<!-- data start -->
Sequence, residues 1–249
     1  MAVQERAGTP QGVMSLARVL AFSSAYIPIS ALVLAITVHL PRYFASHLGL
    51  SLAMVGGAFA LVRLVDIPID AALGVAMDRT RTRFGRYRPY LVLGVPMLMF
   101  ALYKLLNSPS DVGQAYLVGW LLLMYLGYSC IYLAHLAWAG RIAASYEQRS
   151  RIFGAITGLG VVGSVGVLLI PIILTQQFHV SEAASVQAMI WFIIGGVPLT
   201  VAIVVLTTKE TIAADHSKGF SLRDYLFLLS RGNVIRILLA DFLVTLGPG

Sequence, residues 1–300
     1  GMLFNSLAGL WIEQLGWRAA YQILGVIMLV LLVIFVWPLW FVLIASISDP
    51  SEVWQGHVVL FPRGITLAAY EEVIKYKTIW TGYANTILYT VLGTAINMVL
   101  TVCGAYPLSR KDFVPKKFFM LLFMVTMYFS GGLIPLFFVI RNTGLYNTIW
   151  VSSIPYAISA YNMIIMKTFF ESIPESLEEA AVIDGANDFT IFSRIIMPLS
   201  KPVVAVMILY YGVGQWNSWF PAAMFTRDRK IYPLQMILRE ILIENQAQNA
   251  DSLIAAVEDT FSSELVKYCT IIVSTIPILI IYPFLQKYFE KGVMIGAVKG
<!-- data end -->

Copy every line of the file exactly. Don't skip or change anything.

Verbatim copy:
Sequence, residues 1–249
     1  MAVQERAGTP QGVMSLARVL AFSSAYIPIS ALVLAITVHL PRYFASHLGL
    51  SLAMVGGAFA LVRLVDIPID AALGVAMDRT RTRFGRYRPY LVLGVPMLMF
   101  ALYKLLNSPS DVGQAYLVGW LLLMYLGYSC IYLAHLAWAG RIAASYEQRS
   151  RIFGAITGLG VVGSVGVLLI PIILTQQFHV SEAASVQAMI WFIIGGVPLT
   201  VAIVVLTTKE TIAADHSKGF SLRDYLFLLS RGNVIRILLA DFLVTLGPG

Sequence, residues 1–300
     1  GMLFNSLAGL WIEQLGWRAA YQILGVIMLV LLVIFVWPLW FVLIASISDP
    51  SEVWQGHVVL FPRGITLAAY EEVIKYKTIW TGYANTILYT VLGTAINMVL
   101  TVCGAYPLSR KDFVPKKFFM LLFMVTMYFS GGLIPLFFVI RNTGLYNTIW
   151  VSSIPYAISA YNMIIMKTFF ESIPESLEEA AVIDGANDFT IFSRIIMPLS
   201  KPVVAVMILY YGVGQWNSWF PAAMFTRDRK IYPLQMILRE ILIENQAQNA
   251  DSLIAAVEDT FSSELVKYCT IIVSTIPILI IYPFLQKYFE KGVMIGAVKG